Approximate time to read: 2 minutes
Nearly 3 months ago I made mention of a fallout between myself and the theatre group with which I’ve been associated with for about 9 years. Part of this was my decision to no longer look after their website – something I’d put a lot of work into but had very little feedback or general help with.
I gave the committee a list of the skills required to run the site and, to my surprise, it was handed over to a new committee member within days. I don’t know her background but events have now unfolded which has possibly damaged the site forever.
Last week it was reported to the sites host, Memset, that a phishing site was present on the BMTG site. It was residing in one of the sub-directories of a third-party application. I believe this application must have had a security flaw which allowed someone to deposit a fake banking site in place. Memset immediately disabled the hosting account and the website went down. The new website manager was informed and, unfortunately, responded by suggesting that it was maybe something I did.
I took a sharp intake of breath, I have to admit, when I read this. This site is also hosted by Memset and so the suggestion (probably not intended) that I created a phishing site could have had a serious repercussion on me. Thankfully it hasn’t. But I don’t think she understood what the problem was.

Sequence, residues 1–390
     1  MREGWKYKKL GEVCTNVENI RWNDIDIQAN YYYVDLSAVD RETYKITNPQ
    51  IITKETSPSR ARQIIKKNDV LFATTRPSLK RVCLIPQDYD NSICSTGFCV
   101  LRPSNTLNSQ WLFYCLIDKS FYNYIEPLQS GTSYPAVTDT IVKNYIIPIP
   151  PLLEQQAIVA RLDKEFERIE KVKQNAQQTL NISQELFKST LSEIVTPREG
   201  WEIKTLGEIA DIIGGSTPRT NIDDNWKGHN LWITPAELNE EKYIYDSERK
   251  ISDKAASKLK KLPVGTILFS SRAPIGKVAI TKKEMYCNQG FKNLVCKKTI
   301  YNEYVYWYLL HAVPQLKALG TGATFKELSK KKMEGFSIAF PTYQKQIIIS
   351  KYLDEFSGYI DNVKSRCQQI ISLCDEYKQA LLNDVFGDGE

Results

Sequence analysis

The upside of all of this is that Memset have now informed them that they will NOT re-enable the account unless they move to an expensive server host account (at the moment it’s on a shared server, and they’re concerned that future issues could impact other users). Bear in mind that the society is a non-profit making charity and their current hosting is provided for free – basically, they wouldn’t be able to afford such a move.
I’m guessing that the current website manager not understanding the issue is why Memset are rightly worried about future occurrences. Oh dear. If asked, I could do what I can to resolve the issue, but I suspect I won’t be.
Long-standing members appear to be leaving the Society in their droves and one such ex-member (who’s been involved far longer than myself) believes that this may be the death-knell. No website, performing on a stage in a school-hall, no publicity, poorly produced and expensive show programmes… it’s not looking good. The ex-Chairman has recently been caught wondering aloud why so many people are leaving. Maybe they should ask?